Technology has played a huge part in the evolving retailer-customer relationship. It has transformed the in-store experience, and with it the role of the store associate!
While consumers may not have noticed a sudden difference in their in-store experiences, comparing a store now to 10 years ago highlights immense developments in the use of technology, and in turn the value of the store associate.
With around 15% of all transactions being made via self-checkouts in most Western countries, as well as developments in RFID tags, cameras and sensors allowing shops to fully operate their payment facilities without any members of staff, it is easy to see how the value of the store associate is being questioned.
Amazon are amongst the innovative retailers that are looking to cut costs through automated services. They have recently filed a patent for a fully automated store that will use a series of advanced technical devices to enable customers to complete a payment transaction via virtual technology and RFID tags, so the store wouldn’t need any staff. AJ Van Bochoven, Cambridge Consultants’ Head of Innovation Strategy claims “at the moment, Amazon will look at what you bought and recommend something. In the future, it may anticipate you ordering those items again, even to the extent that it might ship them to you before you think of them.”
Other retailers leading the way in automating their business models include ASOS, Shop Direct and John Lewis, which will shortly open its first dedicated online grocery fulfilment centre for Waitrose.
With the rise in automated services, it leaves us to question, what is the value of today’s store associate?
In the first quarter of 2016, the number of full-time jobs in the retail industry fell almost 1%, the biggest drop since the third quarter of 2014. Many reports have claimed this trend is set to continue, with Deloitte predicating as many as 2.1 million jobs could disappear from the retail and wholesale industries over the next 20 years.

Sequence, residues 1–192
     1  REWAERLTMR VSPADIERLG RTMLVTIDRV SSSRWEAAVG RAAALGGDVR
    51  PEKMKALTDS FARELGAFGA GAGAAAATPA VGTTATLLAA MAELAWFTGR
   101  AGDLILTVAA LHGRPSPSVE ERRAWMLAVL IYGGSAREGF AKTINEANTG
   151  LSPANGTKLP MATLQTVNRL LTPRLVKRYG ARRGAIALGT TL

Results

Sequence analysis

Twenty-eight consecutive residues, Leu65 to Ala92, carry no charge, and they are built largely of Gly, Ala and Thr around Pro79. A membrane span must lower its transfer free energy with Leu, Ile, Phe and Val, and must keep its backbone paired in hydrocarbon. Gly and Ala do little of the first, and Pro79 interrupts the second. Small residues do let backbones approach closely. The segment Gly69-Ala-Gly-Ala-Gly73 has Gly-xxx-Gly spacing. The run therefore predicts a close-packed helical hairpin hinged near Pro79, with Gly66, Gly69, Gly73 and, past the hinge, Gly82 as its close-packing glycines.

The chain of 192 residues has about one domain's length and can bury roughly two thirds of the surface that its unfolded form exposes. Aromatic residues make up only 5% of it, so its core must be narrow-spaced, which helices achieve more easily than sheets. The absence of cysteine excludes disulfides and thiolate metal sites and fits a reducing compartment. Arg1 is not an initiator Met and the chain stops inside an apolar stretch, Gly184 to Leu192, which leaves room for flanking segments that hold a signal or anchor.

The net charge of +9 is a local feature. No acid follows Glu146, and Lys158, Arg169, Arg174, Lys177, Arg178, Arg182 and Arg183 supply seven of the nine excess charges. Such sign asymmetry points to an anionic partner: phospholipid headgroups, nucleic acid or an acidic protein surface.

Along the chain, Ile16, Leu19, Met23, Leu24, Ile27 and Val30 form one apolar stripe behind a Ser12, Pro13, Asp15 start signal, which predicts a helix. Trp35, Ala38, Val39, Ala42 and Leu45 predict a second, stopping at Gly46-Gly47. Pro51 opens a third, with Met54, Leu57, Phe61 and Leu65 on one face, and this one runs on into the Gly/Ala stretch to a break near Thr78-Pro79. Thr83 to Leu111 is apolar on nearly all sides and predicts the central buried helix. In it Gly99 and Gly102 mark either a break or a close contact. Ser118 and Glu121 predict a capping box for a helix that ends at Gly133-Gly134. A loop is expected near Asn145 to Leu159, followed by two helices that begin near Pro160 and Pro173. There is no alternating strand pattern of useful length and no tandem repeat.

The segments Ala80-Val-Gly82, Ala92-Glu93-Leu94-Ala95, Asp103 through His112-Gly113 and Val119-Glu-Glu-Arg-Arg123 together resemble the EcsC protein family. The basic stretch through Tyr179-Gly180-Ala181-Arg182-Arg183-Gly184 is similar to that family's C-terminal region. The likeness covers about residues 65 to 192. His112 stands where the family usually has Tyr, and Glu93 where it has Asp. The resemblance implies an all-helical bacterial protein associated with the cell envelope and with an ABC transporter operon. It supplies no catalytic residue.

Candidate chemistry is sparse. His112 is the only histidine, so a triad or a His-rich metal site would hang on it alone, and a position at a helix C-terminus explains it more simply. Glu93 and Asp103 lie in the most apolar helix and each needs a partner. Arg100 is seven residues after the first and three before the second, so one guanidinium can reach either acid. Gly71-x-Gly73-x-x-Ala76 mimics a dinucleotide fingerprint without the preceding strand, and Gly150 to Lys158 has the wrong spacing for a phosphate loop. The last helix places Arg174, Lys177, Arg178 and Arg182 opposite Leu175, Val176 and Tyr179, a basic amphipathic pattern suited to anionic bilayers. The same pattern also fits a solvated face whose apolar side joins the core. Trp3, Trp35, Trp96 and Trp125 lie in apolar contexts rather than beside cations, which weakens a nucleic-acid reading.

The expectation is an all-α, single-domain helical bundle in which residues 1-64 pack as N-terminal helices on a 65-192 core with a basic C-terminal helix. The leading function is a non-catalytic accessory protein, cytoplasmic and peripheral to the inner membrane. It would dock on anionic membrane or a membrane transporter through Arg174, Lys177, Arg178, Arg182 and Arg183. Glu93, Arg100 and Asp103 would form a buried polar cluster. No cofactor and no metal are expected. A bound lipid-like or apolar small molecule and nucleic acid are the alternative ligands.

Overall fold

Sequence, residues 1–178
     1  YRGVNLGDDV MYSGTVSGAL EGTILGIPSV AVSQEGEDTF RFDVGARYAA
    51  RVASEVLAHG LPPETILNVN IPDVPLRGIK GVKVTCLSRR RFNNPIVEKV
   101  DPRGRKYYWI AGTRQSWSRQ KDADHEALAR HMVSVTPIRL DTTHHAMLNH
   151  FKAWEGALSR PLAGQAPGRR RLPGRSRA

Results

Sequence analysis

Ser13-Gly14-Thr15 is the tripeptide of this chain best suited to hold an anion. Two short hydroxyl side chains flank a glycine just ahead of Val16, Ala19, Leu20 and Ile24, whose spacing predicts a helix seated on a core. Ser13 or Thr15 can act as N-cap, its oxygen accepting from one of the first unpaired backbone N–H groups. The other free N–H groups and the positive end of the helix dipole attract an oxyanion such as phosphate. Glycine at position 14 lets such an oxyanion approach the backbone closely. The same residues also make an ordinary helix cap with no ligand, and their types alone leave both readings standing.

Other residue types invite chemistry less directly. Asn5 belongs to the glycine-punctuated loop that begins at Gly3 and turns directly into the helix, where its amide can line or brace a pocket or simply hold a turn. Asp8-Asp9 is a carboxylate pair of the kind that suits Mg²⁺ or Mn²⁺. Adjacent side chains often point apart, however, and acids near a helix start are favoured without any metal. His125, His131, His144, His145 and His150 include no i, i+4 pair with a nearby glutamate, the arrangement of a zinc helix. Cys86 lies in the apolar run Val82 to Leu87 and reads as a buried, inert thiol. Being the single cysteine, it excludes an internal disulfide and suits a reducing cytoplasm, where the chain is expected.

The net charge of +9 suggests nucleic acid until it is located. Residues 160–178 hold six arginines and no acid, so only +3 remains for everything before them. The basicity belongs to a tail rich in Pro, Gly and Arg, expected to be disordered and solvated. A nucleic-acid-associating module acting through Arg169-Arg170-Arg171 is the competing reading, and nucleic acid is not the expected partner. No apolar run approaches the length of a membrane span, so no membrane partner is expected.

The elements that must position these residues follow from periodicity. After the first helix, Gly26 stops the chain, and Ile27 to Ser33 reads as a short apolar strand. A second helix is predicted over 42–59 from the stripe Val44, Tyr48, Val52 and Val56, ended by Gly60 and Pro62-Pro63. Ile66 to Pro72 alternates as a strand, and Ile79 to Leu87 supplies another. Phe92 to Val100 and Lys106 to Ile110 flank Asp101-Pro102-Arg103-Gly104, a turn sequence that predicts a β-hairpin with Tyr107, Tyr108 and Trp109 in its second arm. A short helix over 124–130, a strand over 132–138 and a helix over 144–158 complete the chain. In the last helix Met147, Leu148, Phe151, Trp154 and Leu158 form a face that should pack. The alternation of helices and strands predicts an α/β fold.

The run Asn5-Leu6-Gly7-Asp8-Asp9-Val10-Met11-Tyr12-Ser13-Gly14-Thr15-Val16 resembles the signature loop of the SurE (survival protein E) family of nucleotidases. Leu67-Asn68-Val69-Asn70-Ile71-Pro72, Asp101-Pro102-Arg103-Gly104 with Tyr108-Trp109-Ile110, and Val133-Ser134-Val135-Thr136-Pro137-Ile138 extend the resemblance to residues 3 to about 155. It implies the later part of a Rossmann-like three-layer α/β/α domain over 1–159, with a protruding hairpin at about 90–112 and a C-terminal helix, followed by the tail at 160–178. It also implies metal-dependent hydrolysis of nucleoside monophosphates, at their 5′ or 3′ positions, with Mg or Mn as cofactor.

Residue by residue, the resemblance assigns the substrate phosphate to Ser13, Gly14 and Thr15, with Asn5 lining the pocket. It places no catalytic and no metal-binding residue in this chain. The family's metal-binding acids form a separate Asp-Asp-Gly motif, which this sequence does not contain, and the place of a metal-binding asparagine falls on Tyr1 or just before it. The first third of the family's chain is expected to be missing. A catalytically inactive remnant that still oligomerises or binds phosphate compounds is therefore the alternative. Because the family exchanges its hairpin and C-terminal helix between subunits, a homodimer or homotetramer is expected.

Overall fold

However, the human touch is irreplaceable.
Store associates are still as valuable as ever, yet their value now lies not in sales alone, but ensuring impeccable brand representation and an outstanding customer experience that will remain in the consumers mind, and create a lasting impression.
Staff member’s transactional role can be replaced by automated technology, and associates are now becoming personal shoppers, stock locators, enterprise sales people – there to assist the customer at each and every stage of their purchase journey and adding the human element that technology cannot.
Craig Sears-Black, Managing Director at Manhattan Associates, believes that “shoppers respond to staff on a human level. Technology can enhance the experience, but it can’t replicate a smile or a friendly exchange of words.”
Whilst automation looks more and more likely to rise up the agenda, it’s almost impossible to predict where that could end up and what that might mean for jobs in the sector. The human touch is irreplaceable, and in a sector as opinion-based and personalised as retail, it is almost impossible to see a world without human interaction at some point along the consumer journey!
“The store associate’s focus and service offering has been forced to adapt to the development of automated devices and technology, and they must now create retail experiences for consumers. People will always want a human connection and this is irreplaceable. However, people come at a heavy cost compared to their automated equivalents, so if companies are to keep investing in store associates, then they must fully invest time and effort into them to ensure they see the value,” Patrick Egan, Managing Director, The Endaba Group